Asian Qualitative Research Association
Dr. Safary Wa-Mbaleka is an American researcher and educator who is currently working at a private university in the Philippines (www.aiias.edu). He is the founding and current president of the Asian Qualitative Research Association (www.myAQRA.org), located in the Philippines, and which has about 1,500 registered members. He teaches qualitative research and has provided several dozens of trainings, conference presentations, seminars, colloquia, and workshops on qualitative research around the Philippines and in many other different countries. He has published several qualitative research articles and books to make qualitative research much more learnable and teachable. He looks forward to sharing some practical strategies, challenge the audience with ethical reality, while learning from all the participants of WCQR2019.
Dealing with the Dog’s Effect of Qualitative Research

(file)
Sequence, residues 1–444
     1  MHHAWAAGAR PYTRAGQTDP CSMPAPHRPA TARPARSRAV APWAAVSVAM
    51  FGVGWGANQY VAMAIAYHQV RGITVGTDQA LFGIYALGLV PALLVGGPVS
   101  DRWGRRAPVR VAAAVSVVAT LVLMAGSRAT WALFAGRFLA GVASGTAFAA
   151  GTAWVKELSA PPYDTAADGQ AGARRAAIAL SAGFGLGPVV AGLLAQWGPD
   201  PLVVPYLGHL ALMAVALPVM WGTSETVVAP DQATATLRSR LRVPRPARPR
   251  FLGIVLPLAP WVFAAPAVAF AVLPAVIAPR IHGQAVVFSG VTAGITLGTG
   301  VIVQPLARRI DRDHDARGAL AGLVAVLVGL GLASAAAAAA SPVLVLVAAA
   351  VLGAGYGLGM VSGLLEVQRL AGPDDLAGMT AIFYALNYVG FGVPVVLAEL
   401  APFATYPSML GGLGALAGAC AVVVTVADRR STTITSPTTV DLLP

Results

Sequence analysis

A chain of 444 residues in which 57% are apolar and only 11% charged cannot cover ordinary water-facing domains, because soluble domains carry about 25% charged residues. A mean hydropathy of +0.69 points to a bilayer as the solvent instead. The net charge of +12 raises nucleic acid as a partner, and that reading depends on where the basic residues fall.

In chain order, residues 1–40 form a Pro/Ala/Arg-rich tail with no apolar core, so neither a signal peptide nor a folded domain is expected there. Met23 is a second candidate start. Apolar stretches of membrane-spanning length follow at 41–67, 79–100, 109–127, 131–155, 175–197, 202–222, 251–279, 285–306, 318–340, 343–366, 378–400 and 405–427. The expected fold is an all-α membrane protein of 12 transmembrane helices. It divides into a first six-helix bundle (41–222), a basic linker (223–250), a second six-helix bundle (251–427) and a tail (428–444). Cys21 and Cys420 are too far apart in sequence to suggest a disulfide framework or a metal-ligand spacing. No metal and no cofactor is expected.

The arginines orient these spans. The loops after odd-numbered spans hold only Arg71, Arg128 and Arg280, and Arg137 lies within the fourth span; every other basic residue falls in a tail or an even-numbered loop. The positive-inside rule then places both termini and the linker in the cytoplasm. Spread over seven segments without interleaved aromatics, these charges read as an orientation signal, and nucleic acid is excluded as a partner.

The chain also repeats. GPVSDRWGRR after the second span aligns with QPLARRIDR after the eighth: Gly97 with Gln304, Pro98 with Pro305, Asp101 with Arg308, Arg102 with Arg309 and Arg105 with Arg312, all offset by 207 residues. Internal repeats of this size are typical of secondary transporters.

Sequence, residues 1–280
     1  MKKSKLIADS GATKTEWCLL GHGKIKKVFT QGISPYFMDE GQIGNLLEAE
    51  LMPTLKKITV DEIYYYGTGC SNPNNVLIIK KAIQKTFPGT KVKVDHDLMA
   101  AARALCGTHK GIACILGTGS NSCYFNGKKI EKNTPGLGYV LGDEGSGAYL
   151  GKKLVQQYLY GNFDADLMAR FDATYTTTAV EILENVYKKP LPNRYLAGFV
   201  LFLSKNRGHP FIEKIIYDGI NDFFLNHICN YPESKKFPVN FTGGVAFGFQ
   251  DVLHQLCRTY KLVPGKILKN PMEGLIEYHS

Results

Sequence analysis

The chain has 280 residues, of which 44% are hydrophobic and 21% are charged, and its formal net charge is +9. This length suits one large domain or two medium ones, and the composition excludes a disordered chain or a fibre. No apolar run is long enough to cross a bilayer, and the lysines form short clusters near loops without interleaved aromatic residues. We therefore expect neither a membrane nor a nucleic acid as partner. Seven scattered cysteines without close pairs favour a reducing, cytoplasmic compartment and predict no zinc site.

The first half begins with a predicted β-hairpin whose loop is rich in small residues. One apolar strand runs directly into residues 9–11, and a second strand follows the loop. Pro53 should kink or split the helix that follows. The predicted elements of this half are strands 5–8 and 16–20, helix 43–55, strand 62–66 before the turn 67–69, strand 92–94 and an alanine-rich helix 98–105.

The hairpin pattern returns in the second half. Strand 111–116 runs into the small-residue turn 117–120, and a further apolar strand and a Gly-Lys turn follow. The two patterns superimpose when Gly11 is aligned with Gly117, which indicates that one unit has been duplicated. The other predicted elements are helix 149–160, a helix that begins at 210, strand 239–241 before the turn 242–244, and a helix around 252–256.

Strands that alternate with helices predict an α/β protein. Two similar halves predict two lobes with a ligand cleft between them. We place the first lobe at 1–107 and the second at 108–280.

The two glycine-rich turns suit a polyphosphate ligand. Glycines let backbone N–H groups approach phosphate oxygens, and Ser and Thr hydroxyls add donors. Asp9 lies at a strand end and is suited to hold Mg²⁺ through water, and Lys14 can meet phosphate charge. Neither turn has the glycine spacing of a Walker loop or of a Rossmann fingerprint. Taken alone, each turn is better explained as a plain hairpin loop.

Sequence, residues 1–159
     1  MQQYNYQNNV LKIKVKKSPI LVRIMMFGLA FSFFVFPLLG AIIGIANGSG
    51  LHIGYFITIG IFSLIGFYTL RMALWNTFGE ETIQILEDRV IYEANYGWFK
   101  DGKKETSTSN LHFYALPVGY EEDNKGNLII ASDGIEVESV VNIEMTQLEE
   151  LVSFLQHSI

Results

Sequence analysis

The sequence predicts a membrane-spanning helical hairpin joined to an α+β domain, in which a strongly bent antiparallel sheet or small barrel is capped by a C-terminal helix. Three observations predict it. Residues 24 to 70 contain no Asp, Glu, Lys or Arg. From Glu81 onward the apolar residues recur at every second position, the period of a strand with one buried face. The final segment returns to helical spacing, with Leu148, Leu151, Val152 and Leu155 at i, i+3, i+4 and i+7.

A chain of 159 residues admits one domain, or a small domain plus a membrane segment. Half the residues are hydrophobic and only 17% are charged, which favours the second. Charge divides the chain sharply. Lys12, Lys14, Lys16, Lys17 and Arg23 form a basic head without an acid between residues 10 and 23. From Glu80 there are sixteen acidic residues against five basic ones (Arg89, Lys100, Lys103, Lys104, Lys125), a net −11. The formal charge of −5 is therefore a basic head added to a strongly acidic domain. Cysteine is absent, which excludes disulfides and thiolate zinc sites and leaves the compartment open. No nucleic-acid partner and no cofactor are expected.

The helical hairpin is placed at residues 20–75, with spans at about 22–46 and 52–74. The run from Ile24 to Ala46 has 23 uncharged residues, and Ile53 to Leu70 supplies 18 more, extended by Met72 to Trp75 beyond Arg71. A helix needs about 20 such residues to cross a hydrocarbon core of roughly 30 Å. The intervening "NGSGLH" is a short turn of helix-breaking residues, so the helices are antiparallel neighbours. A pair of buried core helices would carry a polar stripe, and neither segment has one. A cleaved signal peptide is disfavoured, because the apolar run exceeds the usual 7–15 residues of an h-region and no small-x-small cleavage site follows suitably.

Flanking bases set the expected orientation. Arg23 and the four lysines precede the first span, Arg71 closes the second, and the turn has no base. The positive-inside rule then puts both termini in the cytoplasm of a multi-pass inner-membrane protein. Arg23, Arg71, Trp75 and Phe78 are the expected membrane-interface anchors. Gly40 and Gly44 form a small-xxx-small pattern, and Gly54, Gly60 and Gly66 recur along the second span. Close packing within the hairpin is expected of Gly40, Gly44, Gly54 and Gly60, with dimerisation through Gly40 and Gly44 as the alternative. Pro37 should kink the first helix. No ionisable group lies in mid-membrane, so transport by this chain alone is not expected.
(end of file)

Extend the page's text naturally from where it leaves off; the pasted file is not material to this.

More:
Qualitative research is creating waves all around the world. The thirst for qualitative research at all academic levels can no longer be denied. In a country like the Philippines, senior high school students are now required to take an introductory course in qualitative research. More and more books and articles are regularly published in qualitative research. Newer book publications on qualitative research have become much more practical in guiding novice researchers than they have ever been before. Practical methods are now recommended to make qualitative research much more user-friendly and more readable than before. The field of qualitative research is becoming much more structured than it has ever been before. As more and more exploration goes on in qualitative research, new challenges are coming to light. One of them is about the difficulty that non-native speakers of English have in synthesizing the abstracted concepts from their qualitative research data. Just like the dog that may know so much but cannot verbally express itself, these researchers may know much about qualitative research and yet be unable to express it in their second language; in this case, English. This problem has been reported consistently in recent years by graduate students, novice qualitative researchers, and conference and seminar participants of qualitative research trainings. Based on existing literature and interviews with some qualitative researchers, this paper will highlight the major linguistic challenges non-native speakers of English have and will propose some solutions to those challenges. It is the intent of this paper to raise the common challenges non-native speakers of English face in capturing, analyzing, and interpreting qualitative research data. By addressing these challenges, the quality of the interpretation of qualitative research data in non-English speaking countries may be more accurate and more meaningful for the research problem under exploration. Doing so can empower this important group of researchers, thus providing them an important opportunity to contribute to the global scholarship within their respective fields. Practical strategies to deal with the Dog’s Effect of Qualitative Research will be recommended based on the limited existing literature on the topic and hopefully generate more discussion useful in addressing these challenges that may be so far less known in English-speaking countries. They will also be based on interviews conducted with graduate students and faculty who have taught or published qualitative research. This paper is intended to generate further discussion that will help improve the training on qualitative research in non-English speaking countries. Keywords: Dog’s effect, qualitative research, non-native speakers, translation, language barrier, data analysis, data interpretation, Asia, Philippines, doctoral students, faculty